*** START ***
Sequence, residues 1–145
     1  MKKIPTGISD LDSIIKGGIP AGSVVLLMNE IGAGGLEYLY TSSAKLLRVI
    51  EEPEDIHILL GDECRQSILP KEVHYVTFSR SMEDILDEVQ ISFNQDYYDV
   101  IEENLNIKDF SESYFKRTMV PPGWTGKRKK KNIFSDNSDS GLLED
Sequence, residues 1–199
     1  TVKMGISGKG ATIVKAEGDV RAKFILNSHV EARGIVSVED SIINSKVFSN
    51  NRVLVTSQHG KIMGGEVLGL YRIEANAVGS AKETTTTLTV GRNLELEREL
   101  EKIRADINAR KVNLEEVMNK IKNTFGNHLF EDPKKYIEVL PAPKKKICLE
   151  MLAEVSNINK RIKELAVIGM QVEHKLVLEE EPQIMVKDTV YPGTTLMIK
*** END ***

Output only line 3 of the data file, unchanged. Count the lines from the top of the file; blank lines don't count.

    51  EEPEDIHILL GDECRQSILP KEVHYVTFSR SMEDILDEVQ ISFNQDYYDV